Tippett symphony

Title and dedication for Michael Tippett's unpublished Symphony in B-Flat. British Library, MS Mus. 1757/2

 

Tippett composed the symphony in 1933 shortly after studies with R.O. Morris and commentators have previously noted the strong influence of Sibelius in the structure and style of the piece. The composition also coincided with the Tippett’s work at Morley College, leading a course for unemployed professional musicians - some former ‘pit’ players from theatres and cinemas that no longer needed them. The orchestra formed from that course - the South London Orchestra - performed the symphony with Tippett conducting in 1934, after which it was revised. Ultimately Tippett became unhappy with it, considering it immature in comparison to his rapidly developing style. As a result the symphony was rejected and his next piece in that genre, completed in 1945, is the one he labelled his ‘no. 1’.

The autograph manuscript for this Symphony in B-flat was purchased by the British Library from the Michael Tippett Foundation in 2004 and joins a large collection of manuscripts relating to the composer here. The contents of these are listed in our online catalogue, but the links below will allow you to browse volume by volume.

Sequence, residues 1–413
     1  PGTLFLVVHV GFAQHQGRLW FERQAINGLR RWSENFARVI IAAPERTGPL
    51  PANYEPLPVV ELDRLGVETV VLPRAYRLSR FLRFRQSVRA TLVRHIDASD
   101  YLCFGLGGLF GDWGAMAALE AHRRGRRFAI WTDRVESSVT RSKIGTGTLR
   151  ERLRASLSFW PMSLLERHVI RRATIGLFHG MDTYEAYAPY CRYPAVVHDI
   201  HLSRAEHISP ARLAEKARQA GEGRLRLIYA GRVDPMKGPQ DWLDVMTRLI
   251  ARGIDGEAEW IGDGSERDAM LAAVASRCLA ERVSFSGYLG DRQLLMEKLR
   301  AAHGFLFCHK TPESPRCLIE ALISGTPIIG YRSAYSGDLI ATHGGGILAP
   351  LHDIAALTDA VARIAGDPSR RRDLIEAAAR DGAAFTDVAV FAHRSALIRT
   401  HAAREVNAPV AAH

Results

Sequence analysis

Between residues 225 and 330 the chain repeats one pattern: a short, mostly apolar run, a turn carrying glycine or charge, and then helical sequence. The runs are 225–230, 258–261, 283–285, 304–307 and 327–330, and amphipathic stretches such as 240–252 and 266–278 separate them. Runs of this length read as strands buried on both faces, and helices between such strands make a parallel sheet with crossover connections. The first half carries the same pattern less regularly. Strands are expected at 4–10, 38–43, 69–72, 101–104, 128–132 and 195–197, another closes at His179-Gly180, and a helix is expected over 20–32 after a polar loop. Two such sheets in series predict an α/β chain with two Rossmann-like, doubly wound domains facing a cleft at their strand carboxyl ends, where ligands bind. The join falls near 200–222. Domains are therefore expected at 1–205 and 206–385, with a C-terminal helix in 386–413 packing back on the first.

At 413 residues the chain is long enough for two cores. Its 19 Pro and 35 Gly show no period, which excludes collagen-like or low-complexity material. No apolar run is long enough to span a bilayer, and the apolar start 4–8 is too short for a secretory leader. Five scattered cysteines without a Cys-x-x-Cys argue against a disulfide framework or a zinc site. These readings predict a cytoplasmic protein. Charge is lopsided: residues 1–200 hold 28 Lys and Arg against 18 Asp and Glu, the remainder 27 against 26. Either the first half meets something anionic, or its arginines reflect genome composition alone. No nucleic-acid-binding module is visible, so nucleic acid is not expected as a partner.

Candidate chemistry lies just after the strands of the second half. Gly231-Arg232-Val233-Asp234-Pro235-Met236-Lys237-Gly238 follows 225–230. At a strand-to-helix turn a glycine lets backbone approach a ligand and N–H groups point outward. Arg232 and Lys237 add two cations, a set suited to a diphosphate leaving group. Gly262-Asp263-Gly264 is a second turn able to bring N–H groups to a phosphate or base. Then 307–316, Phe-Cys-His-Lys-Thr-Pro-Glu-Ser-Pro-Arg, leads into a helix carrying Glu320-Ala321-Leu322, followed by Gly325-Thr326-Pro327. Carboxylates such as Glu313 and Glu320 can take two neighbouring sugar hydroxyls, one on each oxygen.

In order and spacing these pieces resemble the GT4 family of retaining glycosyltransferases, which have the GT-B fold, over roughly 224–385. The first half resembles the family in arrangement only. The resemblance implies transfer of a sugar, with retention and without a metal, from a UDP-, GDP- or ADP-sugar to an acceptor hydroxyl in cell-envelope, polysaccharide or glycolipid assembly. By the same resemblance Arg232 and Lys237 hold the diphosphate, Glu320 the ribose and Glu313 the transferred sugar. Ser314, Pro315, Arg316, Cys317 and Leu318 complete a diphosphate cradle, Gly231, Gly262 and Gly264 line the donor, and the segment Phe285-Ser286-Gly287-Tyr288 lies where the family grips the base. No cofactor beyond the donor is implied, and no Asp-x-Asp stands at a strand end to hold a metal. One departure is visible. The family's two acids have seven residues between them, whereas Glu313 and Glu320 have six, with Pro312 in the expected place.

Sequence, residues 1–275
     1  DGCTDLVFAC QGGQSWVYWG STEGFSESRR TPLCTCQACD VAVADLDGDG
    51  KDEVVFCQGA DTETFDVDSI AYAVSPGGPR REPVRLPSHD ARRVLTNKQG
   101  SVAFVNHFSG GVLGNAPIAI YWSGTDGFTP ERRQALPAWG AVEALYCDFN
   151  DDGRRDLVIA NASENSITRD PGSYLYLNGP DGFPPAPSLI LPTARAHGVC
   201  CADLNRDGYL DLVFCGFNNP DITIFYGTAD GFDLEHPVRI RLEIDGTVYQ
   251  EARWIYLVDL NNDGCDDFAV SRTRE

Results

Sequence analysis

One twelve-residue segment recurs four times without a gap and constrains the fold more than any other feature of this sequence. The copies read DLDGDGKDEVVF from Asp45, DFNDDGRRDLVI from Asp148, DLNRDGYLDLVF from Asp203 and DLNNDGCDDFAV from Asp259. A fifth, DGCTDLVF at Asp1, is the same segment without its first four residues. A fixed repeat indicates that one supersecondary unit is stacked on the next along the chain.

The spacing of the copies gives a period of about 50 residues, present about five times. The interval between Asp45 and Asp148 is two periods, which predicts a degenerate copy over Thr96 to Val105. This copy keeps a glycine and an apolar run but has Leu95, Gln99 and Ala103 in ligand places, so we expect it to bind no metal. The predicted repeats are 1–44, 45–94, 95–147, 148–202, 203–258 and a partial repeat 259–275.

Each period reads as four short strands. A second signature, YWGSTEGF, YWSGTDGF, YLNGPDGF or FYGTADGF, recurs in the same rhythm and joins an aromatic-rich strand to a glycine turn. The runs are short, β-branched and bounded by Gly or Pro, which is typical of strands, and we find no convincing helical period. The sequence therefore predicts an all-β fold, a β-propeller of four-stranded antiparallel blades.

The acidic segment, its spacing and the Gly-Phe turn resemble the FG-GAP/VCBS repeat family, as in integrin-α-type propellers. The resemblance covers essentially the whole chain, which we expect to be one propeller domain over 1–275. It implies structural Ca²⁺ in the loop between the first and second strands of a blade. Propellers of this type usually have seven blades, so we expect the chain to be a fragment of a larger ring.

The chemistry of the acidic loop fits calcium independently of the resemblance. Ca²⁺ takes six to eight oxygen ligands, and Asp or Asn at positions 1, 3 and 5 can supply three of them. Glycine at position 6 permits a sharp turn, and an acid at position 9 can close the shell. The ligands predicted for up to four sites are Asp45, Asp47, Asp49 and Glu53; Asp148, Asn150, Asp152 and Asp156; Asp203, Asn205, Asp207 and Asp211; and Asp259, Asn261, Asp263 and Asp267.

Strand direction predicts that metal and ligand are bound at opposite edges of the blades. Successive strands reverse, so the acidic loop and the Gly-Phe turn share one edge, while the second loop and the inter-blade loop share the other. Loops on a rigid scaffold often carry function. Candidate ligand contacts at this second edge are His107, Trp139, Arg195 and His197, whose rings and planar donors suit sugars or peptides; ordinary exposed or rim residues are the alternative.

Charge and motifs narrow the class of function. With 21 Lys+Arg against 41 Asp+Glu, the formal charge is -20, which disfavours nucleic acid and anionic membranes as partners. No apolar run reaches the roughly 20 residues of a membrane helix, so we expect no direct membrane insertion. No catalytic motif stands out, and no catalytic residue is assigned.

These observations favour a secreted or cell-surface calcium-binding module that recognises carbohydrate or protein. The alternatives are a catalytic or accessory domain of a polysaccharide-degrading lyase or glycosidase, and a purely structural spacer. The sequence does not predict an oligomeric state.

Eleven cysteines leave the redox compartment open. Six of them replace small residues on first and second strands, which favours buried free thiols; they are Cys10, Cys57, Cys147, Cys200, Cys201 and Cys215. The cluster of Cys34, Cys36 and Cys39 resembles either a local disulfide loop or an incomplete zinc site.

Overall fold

Tippett collection part I (Add MS 61748-61804). 57 volumes, purchased 1980

Manuscripts of Sir Michael Tippett, covering 1934-1977

Tippett collection part II (Add MS 63820-63840). 21 volumes, purchased 1986

Manuscripts of Sir Michael Tippett, covering 1977-1983

Tippett collection part III (Add MS 71099-71103). 5 volumes, purchased 1992

Manuscripts of Sir Michael Tippett, covering 1988-1991

Tippett collection part IV (Add MS 72001-72065). 65 volumes, purchased 1994

Manuscripts and notebooks of Sir Michael Tippett, covering ca. 1923-1994